Reflecting on the second order and third order forces behind Brexit. I think Will Hutton’s observations mainly stand, but having travelled to some small pockets of England over the last 2 years I have some personal observations.
Lymington is a relatively wealthy town. Nestled at the edge of the English New Forest, it has traditions of rural life stretcing back centuries. I walked down the high street and it was busy, thriving even - helped by British tourists, there were few spaces to rent, and a mix of independent and chain shops.
For a Londoner, the absences were notable. People of colour were absent. Different languages were absent. Different styles of dress and fashion were mostly absent.
The variety of food was absent. (True, Indian and Chinese were represented as they have been for decades in Britain; the fish and chips were good).
The wealth is based on a marine industry supplemented by tourism and to a lesser extent farming and forestry around the New Forest.
Unlike around Dymchurch (an area on the Kent coast, where I observed support for Brexit but for subtly different reasons) the infrastructure is fairly well maintained - with absent dereliction, better planning (although nothing in my back yard).
But the advantages of international trade are invisible, or seem invisible here. Mostly residents seem unaware of any advantages but seem to believe faceless beaurocrats control rules and regulations of moderate vexation to the marine industry. (I don’t pass judgement on Brexiteers viewing a Brexit as being positive for trade, people are still arguing over this point.)
The arts and culture, the museums and dance, the music and international travellers are absent from New Forest and Lymington life.
The yearly pantomime, the cricket season, the pheasant season, the trees and the tide, these mark time here.
The local coffee shops (two chains on the high street) have local staff, no Europeans.
I imagine no one here views themselves as racist, but there simply are few foreigners or people of colour here and why would Lymington want to embrace any change ? It’s not the creative destruction and churn and vibrancy of an international London.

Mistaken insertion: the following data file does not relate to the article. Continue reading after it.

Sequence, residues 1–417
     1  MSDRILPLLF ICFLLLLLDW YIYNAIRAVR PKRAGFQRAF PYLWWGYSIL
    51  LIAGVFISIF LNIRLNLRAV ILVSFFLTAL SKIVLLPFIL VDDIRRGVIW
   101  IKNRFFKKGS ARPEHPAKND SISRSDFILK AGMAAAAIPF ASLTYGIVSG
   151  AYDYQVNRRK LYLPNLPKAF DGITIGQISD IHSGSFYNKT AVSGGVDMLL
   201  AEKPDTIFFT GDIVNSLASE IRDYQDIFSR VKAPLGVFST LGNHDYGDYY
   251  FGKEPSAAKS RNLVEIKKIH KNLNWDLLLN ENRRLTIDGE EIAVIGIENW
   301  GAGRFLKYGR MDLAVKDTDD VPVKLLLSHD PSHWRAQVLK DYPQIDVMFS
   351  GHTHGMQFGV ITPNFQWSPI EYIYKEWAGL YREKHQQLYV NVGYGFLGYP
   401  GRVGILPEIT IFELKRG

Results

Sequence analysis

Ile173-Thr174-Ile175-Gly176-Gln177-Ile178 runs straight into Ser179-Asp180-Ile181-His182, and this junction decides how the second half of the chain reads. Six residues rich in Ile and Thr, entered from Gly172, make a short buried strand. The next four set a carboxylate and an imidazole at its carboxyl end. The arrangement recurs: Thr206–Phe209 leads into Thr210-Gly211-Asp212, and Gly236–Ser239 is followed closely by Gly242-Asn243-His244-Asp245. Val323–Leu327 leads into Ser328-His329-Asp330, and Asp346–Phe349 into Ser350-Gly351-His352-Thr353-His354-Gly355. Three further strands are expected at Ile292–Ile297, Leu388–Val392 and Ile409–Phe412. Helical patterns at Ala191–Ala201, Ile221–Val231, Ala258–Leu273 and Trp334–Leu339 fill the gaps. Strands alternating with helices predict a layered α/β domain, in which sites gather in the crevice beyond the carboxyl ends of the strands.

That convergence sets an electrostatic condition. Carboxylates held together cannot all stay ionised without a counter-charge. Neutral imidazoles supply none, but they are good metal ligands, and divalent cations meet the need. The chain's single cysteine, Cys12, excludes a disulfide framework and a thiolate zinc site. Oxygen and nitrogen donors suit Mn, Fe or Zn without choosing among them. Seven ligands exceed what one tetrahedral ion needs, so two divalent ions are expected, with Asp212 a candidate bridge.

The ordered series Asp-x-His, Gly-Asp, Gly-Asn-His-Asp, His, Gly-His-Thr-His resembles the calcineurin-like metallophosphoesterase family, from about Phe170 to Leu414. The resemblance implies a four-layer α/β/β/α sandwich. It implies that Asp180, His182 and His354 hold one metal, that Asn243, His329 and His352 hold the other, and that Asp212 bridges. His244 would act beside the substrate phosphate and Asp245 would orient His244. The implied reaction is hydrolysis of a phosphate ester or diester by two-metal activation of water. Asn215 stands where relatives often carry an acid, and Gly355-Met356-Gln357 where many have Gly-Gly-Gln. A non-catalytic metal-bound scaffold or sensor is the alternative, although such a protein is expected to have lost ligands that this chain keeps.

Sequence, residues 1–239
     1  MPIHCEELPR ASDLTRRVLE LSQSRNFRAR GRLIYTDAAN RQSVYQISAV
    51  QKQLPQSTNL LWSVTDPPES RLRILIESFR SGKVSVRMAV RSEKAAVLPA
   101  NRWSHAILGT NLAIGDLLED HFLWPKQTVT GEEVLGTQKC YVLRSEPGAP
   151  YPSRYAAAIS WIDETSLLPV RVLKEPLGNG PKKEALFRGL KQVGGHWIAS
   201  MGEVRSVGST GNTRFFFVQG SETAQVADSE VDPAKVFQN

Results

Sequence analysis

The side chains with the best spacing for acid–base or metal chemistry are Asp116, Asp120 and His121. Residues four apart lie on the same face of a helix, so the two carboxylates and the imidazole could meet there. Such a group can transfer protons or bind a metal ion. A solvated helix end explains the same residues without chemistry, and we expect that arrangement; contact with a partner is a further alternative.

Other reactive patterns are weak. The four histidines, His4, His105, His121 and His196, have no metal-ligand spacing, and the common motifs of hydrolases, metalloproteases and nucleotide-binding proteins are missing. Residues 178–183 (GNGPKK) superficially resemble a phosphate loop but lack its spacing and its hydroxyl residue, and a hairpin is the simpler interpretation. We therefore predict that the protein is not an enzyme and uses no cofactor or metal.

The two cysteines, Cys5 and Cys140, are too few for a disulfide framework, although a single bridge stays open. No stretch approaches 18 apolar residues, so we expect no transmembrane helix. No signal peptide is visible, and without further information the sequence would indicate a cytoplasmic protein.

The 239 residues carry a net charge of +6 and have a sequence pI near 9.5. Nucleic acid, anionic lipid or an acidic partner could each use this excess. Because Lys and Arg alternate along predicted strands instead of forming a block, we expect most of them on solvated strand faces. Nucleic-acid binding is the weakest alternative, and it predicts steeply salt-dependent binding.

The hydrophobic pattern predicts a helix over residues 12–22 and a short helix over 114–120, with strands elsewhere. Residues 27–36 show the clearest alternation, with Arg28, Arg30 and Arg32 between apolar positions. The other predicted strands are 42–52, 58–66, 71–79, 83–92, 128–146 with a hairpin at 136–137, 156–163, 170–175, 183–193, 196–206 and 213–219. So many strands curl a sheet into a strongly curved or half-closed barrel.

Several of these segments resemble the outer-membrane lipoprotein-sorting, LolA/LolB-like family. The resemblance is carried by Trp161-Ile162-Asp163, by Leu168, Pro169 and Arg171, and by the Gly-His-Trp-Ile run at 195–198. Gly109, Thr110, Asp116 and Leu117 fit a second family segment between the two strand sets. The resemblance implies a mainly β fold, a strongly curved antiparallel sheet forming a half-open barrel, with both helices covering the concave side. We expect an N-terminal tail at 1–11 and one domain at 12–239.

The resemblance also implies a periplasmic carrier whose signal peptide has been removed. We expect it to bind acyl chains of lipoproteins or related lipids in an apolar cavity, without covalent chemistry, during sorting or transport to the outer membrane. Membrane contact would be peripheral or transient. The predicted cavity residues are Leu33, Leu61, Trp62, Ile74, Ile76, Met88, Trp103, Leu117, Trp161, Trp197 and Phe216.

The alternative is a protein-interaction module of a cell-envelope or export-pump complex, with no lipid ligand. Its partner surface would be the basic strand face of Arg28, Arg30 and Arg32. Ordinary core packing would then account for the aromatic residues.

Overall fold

If anything, I had the impression that the New Forest wants to be left alone.
This is another dimension to what I think will be a defining theme of this century. A localism vs a globalism. Whether globalism will turn into multi-localist or federalist. And how societies end up (if they manage to at all) dealing with systemic externalities and systemic concerns eg climate change, water stress, mass migration, defence.
It is a different dimension to the left/right axis.
Pottering around the New Forest stopping for cows and horses reminded me of travels in rural Japan.
The localism in rural Japan, old traditions (kept firmer in Japan than in Lymington) and skepticism of the big City. Even nervousness over foreigners - do they know how to use our baths? Have they learnt about shoes ? Are they pointing with their chopsticks ? How could they order autumn food in the summer, that’s crazy ?
Whereas I draw parallels with Dymchurch to parts of India I travelled through, another story.
Lymington has an uneasy relationship with its second home owners and holiday cottages, like parts of Cornwall. (I sense thought I may be wrong). The summers months are needed to keep the money flowing to help the local residents through the winter months.
It's a little different to "true travellers", in rural Japan, there's also a tradition of treating travellers with great hospitality. Not only money they bring, and trade, and news but true travellers do pass through. Second home owners, oft feel neither here nor there, perhaps taking more than they give back.
Reflecting back, is it a surprise this area is a Brexit town? And, apart from the mess politicians are making in trying to come to terms with what Brexit really means, I'm unsure it would sway opinion in this corner of the world. I sense it would be happy left alone.
Horses have run semi-wild here for hundreds of years. I expect most believe horses will run for hundreds of years more.
There are muddy, shingle beaches; good sailing, peaceful forest walks - it makes for a good holiday.
The current Arts blog, cross-over, the current Investing blog. Cross fertilise, some thoughts on autism. Discover what the last arts/business mingle was all about (sign up for invites to the next event in the list below).
My Op-Ed in the Financial Times (My Financial Times opinion article) about asking long-term questions surrounding sustainability and ESG.
A long read on Will Hutton looking at Brexit causes and solutions.
How to live a life, well lived. Thoughts from a dying man. On play and playing games.
A provoking read on how to raise a feminist child.
Some popular posts: the commencement address; by NassimTaleb (Black Swan author, risk management philosopher), Neil Gaiman on making wonderful, fabulous, brilliant mistakes; JK Rowling on the benefits of failure. Charlie Munger on always inverting; Sheryl Sandberg on grief, resilience and gratitude.
Buy my play, Yellow Gentlemen, (amazon link) - all profits to charity